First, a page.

03 May 2012
South African house price growth accelerated in April from 8.1 percent in March to 8.6 percent in April year-on-year (y/y), according to FNB.
The bank says this is the highest y/y growth since June 2010.
Writing in the April FNB House Price Index, John Loos, FNB property strategist says given the current world economic conditions with evidence pointing to global economic growth slowing, it appears too early to expect a sustained move to higher house price growth in South Africa.
Loos explains that in real terms as at March, the index showed a mild increase to +2 percent y/y with consumer price inflation in that month having come in at 6 percent.
This still means that since the real house price peak reached in February 2008, real house prices (house prices adjusted for CPI inflation over the period) were -12.6 percent lower at March 2012, although in nominal terms they were +13.3 percent higher than February 2008.
Compared to price levels at the inception of the FNB House Price Index in July 2000, real prices were 70.3 percent higher as at March 2012, while nominal price +231.7 percent higher as at April 2012.
Loos says this improvement in the residential market is thanks to banks’ willingness to provide home loans.
“We also believe recent improvement in real economic growth has helped support employment and household disposable income growth.”
Loos points out that from a February peak of 1.42 percent month-on-month, the FNB House Price seasonally-adjusted growth rate has slowed for two consecutive months to 1.17 percent in April.
The recent month-on-month growth surge in the FNB House Price Index, which has taken place over the summer months starting in November 2011, was the third mini-surge in house prices since the 2008/9 recession dip.
Meanwhile, the Rawson Property Group chairman Bill Rawson says current low interest rates are beneficial to property buyers on long-term credit.
Buy-to-let investors are urged to grow their portfolios especially since many people are battling to access finance to buy their own homes.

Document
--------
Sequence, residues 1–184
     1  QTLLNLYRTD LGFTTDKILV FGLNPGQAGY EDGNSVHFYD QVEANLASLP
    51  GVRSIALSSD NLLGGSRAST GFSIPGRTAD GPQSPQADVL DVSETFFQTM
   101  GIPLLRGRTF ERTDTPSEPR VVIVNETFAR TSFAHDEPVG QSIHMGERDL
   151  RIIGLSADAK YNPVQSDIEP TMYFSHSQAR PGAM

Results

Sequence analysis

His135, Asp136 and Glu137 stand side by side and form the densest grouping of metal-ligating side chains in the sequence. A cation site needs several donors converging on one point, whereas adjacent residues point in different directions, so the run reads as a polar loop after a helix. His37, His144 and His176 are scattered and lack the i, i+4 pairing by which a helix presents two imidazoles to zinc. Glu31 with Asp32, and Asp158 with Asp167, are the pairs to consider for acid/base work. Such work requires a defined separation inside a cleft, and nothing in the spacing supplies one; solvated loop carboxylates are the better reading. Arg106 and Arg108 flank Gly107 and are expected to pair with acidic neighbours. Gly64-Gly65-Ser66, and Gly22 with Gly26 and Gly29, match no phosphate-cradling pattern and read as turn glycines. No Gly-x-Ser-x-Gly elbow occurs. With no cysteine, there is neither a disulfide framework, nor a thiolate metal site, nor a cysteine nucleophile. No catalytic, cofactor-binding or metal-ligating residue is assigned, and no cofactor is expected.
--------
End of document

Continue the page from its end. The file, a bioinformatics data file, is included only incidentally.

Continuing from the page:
Pam Golding Properties (PGP) reports that Vredekloof and Kleinbron in Cape Town’s northern suburbs are popular choices for buyers ranging from students and young professionals to families and business people.
First-time buyers also find the suburb appealing, says PGP’s area manager for the northern suburbs, Maureen Nel.
She says a two bedroom apartment in the suburbs can cost as little as R540 000 to around R650 000 while mid-level family homes cost between R1 million and R1.5 million.
Larger and more luxurious properties are priced between R2 million and R4 million.
She notes that buyers are especially looking for freehold and sectional title properties in the price category from R900 000 to R1.5 million.
Over 60 percent of buyers are aged below 50 with more buyers comprising parents looking for secure accommodation for their children attending Stellenbosch University.
“The student market also helps drive the demand for rentals, which are in strong demand across all price ranges, from apartments at around R4 200 per month to luxury homes leasing for over R20 000 per month.”
The strength of this rental market also makes Vredekloof and Kleinbron very attractive options for the buy-to-let investor.
As an example Nel says in Klein Bron Estate, a plot bought in 2003 for R220 000 was sold in 2005 for R640 000.
The new owner then built a 450 square metre house on the property, which is now on the market at R3.6 million.
Another plot bought for R175 000 in 2002 was re-sold four years later for R950 000.
Derek Evans of Rawson Properties Muizenberg franchise says the Muizenberg residential market is active as seen in the number of sales concluded since the beginning of the year.
Evans says homes for sale take two months in the market before they are sold thanks to the area’s affordability and convenience location.
Buyers are mostly beach lovers, surfers and/or mountain walkers.
Property prices vary with one home at Costa da Gama sold for R415 000 to a buy-to-let investor expecting rental of R3 500 per month.
Evans says there is strong demand for homes priced between R600 000 and R900 000 with only 55 percent of potential buyers in the middle bracket qualifying for the bonds they apply for.
Ongoing transformation has made Muizenberg highly desirable and sought after, with prices rising steadily.
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